An Interview with Yanis Varoufakis

Source: Dissent Magazine

The last few years have been a bit of a rollercoaster for the European left. Riding up front has been Yanis Varoufakis, the charismatic economist and former Greek finance minister who went to war with the troika—the European Commission, the European Central Bank, and the International Monetary Fund—in 2015 as it sought to inflict brutal austerity as a penalty for his country’s debts and its decision to elect an openly left-wing government headed by Syriza. They lost that fight, but Varoufakis escaped mostly unscathed. Amid Brexit and a wave of Euroskepticism, he went on to found the Democracy in Europe Movement 2025 (DiEM25), pushing for a more democratic and inclusive continent, free of austerity. The group mounted several candidates under the mantle of a European Spring this May, including Varoufakis himself. They failed to gain a single seat, though his vote total came in a hundredth of a percentage point below the 3 percent threshold needed to gain representation. While the center-right faltered in May, so, too, did the left.

Particularly among young voters, progressive and social democratic parties—including those in the DiEM25 orbit—seem to have lost many of their votes to the European Greens, which successfully tapped into the momentum of the youth-led Fridays for Future protests around Europe and Extinction Rebellion in the UK. Voters across the continent now rank the climate crisis among their top concerns. The great irony in left parties’ generally meager showing is that, from La France Insoumise to Labour in the UK, they are greener than they’ve ever been, in many places rejecting the old-school productivism that fueled them through the postwar era.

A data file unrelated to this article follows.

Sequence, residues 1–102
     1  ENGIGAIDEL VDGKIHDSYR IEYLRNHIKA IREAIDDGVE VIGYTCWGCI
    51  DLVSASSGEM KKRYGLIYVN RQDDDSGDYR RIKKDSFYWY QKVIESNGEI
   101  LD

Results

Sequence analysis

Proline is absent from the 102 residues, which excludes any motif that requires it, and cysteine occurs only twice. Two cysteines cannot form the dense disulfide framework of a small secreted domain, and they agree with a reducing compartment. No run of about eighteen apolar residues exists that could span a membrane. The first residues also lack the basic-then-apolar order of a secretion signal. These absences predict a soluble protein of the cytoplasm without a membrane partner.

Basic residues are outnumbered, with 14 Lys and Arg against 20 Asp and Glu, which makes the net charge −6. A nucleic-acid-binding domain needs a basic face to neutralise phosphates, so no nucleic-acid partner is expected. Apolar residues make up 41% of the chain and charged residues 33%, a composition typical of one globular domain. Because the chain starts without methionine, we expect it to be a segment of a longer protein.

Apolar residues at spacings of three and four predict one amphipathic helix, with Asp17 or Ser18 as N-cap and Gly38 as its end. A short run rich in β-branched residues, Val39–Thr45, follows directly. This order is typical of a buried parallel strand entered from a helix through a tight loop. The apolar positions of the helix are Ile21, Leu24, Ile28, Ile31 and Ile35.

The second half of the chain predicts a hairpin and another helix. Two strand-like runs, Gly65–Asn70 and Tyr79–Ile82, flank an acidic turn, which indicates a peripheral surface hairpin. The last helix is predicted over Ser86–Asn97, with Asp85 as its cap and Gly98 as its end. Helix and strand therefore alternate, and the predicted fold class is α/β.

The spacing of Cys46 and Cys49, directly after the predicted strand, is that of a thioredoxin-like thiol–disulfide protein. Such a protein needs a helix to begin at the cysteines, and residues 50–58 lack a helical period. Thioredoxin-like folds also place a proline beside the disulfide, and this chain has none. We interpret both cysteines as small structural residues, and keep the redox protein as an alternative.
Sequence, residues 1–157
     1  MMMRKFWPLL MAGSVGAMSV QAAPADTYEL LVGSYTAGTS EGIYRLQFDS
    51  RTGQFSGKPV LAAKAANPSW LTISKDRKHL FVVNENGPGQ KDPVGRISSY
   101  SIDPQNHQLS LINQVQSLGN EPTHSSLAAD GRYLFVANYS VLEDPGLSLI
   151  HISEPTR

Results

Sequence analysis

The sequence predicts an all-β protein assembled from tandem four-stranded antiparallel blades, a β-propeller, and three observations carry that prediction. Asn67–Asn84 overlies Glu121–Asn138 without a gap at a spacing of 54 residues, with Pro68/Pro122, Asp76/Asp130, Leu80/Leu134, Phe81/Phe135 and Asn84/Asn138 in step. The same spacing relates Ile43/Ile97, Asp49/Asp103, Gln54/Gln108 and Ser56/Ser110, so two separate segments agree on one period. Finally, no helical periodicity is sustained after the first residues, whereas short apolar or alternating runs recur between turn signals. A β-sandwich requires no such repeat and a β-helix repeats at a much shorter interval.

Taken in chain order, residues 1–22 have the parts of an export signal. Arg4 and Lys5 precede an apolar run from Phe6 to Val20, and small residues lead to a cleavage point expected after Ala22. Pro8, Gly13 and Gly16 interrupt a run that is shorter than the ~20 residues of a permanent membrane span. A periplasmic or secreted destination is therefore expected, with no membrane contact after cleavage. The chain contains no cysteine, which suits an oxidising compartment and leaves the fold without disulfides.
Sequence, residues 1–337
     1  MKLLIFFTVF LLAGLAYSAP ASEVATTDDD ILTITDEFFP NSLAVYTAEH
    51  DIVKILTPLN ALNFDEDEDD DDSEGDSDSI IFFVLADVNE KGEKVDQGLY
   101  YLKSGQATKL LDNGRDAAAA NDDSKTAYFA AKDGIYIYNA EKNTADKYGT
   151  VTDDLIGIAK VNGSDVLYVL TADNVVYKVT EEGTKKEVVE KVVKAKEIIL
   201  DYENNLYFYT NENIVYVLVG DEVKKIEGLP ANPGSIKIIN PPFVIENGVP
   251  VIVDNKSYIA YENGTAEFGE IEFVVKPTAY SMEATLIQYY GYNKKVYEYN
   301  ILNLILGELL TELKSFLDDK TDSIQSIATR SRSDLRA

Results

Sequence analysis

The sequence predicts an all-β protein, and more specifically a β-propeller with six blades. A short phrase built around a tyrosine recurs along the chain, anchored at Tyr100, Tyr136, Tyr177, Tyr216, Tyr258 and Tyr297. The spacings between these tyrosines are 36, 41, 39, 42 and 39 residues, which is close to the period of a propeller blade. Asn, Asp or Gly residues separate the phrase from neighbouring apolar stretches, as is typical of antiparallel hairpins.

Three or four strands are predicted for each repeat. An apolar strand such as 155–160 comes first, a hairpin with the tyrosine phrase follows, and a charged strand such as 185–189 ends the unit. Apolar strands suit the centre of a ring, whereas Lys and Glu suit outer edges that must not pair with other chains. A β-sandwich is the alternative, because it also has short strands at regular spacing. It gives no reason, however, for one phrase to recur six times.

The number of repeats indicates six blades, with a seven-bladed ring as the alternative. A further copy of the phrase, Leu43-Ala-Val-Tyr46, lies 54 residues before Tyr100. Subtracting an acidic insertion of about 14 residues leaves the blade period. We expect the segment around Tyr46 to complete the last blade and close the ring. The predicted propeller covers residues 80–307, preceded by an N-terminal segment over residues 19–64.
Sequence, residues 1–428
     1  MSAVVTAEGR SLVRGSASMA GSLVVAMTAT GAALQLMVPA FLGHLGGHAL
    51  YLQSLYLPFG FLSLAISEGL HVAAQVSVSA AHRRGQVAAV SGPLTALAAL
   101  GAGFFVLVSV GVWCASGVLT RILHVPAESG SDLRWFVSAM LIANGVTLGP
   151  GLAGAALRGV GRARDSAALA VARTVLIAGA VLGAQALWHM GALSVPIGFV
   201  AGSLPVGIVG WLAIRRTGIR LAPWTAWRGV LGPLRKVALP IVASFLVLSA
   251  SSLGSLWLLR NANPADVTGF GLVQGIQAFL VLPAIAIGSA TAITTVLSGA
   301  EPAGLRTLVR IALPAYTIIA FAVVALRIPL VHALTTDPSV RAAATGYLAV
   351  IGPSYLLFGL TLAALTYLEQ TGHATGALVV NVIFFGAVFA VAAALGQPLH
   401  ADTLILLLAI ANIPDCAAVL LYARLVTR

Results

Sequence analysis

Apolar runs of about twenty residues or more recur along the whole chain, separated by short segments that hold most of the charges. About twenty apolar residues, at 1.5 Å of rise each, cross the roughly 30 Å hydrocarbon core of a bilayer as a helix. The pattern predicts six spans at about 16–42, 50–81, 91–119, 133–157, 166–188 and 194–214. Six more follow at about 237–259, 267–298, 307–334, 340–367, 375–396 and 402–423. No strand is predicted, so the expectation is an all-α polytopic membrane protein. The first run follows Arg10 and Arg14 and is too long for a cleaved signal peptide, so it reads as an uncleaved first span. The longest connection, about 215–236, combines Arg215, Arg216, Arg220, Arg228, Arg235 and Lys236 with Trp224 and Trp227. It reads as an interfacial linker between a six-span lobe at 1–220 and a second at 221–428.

In Europe, all politics is now climate politics. The question is whether the left can ground the conversation about rising temperatures in a broader egalitarian vision that can counter tepid centrist technocracy and far-right xenophobia alike, and the response of each to the existential threat hurdling toward us. In its push for a Green New Deal, DiEM25 wagers that it can, but it has hit no shortage of road bumps along the way. Engaging in the largely symbolic European Parliament elections was one piece of an effort they’ll continue as the left attempts to craft the kind of systemic and internationalist climate response that science is demanding.

The interview below was recorded a few days before voting began.

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